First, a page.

Sexagon: Muslims, France and the Sexualization of National Culture

Sexagon: Muslims, France and the Sexualization of National Culture

Sexagon: Muslims, France and the Sexualization of National Culture

Sexagon: Muslims, France and the Sexualization of National Culture

Synopsis

Since the earliest times the people of Europe have gathered together, either as families or as whole communities, to celebrate their traditional festivals - their high days and holidays, their harvests, their births, weddings and funerals. At Christmas and New Year and Easter, and at the pagan festivals that preceded them, people ate the dishes sanctified by custom for those occasions. The best local produce was served at these feasts but often with the extra savor of the unfamiliar: exotic spices in cold northern countries, fish from icy Atlantic waters in the sunny south.Ritual and ceremony, some of it very ancient, accompanied the food. From all over Europe from Scotland to the Mediterranean, from Hungary to Cornwall, Elisabeth Luard has collected descriptions of these traditional feasts and festivals, many of which she has experienced first hand, and hundreds of recipes for the dishes appropriate to them. As well as being a unique and wonderfully readable cookery book, European Festival Food is written with the scrupulous attention to detail and authenticity that is the hallmark of Elisabeth Luard's cookery writing, the recipes are peppered with hundreds of fascinating anecdotes and little known facts about local history and folklore.Starting with December the book is organized according to the months of the year and so it importantly also reminds us of the cycle of seasonality that is now once again regarded as the natural and much more enjoyable way to shop and eat. Elisabeth Luard is an award-winning food-writer and a winner of the much coveted Glenfiddich Trophy. In the judges' estimation, 'in addition to scooping the much coveted Glenfiddich Trophy, Elisabeth Luard was named best Cookery Writer for her recipes in The Oldie. Elisabeth's seemingly effortless style of writing, self-drawn illustrations and understanding of the way in which ordinary people's cooking reflects their history, culture and everyday life, makes her one of the most individual and distinctive food writers of all time.' In the 90s she covered regional cooking in Britain for Country Living and was the food-columnist of The Scotsman and The Telegraph. She is the food columnist for The Oldie and a contributing editor to Waitrose Food Illustrated as well as many national newspapers.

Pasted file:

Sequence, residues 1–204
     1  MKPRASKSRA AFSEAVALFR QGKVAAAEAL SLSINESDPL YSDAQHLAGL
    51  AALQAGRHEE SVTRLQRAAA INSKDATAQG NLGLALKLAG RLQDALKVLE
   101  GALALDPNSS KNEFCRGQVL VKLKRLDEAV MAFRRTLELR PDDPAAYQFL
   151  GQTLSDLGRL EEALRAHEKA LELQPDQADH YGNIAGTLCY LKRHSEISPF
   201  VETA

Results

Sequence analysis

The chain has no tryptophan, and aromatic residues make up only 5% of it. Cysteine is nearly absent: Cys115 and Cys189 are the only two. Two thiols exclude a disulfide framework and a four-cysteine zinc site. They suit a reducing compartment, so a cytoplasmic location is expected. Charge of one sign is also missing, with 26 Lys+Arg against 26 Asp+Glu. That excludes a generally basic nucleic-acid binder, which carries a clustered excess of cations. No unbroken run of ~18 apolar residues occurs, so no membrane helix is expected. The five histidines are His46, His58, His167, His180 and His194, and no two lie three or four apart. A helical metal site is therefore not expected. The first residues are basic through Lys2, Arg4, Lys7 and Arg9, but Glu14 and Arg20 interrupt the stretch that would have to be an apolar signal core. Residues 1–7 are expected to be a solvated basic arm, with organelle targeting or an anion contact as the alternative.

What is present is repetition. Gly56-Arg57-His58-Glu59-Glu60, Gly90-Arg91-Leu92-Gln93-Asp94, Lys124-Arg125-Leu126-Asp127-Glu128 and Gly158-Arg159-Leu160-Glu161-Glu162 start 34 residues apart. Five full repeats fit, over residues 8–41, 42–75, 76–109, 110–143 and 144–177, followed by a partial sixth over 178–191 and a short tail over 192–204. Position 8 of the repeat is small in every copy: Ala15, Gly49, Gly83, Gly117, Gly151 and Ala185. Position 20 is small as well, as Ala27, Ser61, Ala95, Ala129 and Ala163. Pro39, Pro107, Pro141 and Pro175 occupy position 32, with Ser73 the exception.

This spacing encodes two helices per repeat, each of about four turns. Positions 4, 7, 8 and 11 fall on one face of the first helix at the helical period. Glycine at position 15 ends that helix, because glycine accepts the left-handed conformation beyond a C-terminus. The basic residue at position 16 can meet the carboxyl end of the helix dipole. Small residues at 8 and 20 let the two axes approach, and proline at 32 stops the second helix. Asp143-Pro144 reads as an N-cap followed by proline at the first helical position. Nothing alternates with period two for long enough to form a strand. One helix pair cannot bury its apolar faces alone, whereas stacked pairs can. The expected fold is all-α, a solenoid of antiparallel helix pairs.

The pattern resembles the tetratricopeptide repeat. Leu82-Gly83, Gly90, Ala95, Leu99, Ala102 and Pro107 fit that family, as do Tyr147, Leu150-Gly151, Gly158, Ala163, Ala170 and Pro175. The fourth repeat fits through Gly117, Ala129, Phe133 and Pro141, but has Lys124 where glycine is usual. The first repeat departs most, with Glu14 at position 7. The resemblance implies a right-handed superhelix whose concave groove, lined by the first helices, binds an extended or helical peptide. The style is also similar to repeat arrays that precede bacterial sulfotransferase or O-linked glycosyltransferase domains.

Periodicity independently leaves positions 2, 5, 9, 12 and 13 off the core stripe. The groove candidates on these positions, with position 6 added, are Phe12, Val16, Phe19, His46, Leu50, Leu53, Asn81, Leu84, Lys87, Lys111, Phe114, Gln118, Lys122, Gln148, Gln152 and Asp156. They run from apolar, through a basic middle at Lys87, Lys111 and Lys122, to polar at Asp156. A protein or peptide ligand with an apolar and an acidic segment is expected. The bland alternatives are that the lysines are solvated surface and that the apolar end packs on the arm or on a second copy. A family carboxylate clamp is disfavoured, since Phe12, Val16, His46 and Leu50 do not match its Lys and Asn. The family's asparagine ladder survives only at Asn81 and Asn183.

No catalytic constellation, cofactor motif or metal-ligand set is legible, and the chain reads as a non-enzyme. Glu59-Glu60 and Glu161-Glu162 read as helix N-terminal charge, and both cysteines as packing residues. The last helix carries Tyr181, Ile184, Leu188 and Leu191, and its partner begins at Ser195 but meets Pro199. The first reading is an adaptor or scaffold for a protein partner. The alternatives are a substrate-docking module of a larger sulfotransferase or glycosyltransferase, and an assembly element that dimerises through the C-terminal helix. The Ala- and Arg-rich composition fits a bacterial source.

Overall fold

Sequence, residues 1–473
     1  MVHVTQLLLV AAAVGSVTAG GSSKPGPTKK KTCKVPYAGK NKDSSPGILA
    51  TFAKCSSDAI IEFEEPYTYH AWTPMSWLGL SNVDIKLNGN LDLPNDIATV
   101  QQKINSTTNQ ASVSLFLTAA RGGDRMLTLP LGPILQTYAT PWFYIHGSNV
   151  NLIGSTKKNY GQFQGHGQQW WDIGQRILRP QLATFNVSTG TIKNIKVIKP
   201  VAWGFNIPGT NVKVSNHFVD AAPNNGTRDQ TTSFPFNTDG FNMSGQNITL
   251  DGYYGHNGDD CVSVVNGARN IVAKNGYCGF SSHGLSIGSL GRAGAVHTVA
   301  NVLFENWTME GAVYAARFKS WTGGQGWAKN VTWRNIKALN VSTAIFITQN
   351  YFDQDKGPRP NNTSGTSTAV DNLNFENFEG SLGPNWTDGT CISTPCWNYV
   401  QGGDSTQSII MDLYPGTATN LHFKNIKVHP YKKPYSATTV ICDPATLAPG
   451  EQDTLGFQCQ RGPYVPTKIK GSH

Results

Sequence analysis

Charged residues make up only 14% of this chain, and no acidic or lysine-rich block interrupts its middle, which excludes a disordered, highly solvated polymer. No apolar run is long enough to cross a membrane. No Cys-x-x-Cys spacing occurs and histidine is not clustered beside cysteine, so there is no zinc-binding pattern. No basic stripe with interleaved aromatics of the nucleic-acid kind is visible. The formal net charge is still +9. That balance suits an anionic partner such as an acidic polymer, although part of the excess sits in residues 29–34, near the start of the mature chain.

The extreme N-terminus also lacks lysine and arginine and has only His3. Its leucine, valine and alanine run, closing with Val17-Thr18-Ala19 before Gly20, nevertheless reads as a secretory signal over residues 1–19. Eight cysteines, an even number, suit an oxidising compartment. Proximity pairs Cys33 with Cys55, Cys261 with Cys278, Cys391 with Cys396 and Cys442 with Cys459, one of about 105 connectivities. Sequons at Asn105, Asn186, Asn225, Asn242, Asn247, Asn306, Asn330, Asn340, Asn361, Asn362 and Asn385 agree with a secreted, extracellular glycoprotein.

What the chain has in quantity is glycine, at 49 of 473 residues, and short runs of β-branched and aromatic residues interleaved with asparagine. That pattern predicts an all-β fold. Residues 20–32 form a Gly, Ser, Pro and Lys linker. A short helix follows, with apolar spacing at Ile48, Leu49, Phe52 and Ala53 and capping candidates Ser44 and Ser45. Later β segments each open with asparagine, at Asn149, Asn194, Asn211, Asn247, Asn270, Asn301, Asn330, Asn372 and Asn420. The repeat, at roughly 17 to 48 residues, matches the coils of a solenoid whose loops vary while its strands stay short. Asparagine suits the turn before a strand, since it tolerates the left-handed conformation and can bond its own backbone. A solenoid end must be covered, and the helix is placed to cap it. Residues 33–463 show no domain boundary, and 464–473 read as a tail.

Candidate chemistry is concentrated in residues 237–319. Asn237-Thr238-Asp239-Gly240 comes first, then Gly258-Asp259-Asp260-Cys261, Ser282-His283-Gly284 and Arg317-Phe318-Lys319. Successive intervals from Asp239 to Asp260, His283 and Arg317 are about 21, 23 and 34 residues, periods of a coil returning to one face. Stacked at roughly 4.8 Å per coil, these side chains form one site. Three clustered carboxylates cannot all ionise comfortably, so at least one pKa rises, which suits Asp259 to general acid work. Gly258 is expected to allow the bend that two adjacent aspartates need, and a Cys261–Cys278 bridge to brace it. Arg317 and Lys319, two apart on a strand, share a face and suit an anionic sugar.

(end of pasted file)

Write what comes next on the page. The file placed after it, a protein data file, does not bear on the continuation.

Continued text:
Excerpt

Among the sensitive questions involving Muslims living in the West, and in
Europe most singularly, there is the position of Islam on homosexuality. In
certain contexts, this question would be the sole and unique key to the possible
“integration” of Muslims in Western culture. As if European cultures and values
could be reduced to the acceptance or rejection of homosexuality
.

Tariq ramadan

Sexagon explores the broad politicization of sexuality in public debates about immigration and diversity in France and traces said politicization in French discourses and cultural productions in an attempt to challenge common perceptions that Muslims maintain unmodern attitudes about sexuality. Specifically, the book focuses on examples from literature, film, psychoanalysis, ethnopsychiatry, and pornography, as well as feminist, gay, and lesbian activist rhetoric to examine where sexualized representations of communities of immigrant origin take a political turn. the book also examines the rhetoric of French establishment figures who have expressed their frustrations with the changing demographics in their “familiar” France by questioning the “Frenchness” of Arab and Muslim minorities born in France—not because of linguistic or civic barriers, but because of perceived conservative attitudes about gender and sexuality. This frustration, I argue, gravitates around the concept of virilism—that is, a mixture of toughness, hardness, unruliness, assertiveness, and sometimes aggression which is projected onto male and female immigrants and their offspring. in the eyes of many French observers and commentators, virilism not only animates the “difficult” Arab, black, and Muslim boys featured in sensationalized newscasts, it also defines their neighborhoods in the suburbs or banlieues, their religion of Islam, and the notion of immigration itself. This virilization of the Arab other naturally requires a feminization, and in some cases an androgenization, of the host country: France, which has been called the hexagon (because it has six distinct sides), increasingly has come to resemble what I term a sexagon, because . . .

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